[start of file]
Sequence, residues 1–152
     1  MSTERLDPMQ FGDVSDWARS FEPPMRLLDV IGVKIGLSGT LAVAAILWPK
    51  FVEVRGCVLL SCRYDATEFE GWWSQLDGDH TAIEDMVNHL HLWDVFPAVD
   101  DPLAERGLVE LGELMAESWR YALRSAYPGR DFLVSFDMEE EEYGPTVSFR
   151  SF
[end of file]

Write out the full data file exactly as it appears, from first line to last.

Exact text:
Sequence, residues 1–152
     1  MSTERLDPMQ FGDVSDWARS FEPPMRLLDV IGVKIGLSGT LAVAAILWPK
    51  FVEVRGCVLL SCRYDATEFE GWWSQLDGDH TAIEDMVNHL HLWDVFPAVD
   101  DPLAERGLVE LGELMAESWR YALRSAYPGR DFLVSFDMEE EEYGPTVSFR
   151  SF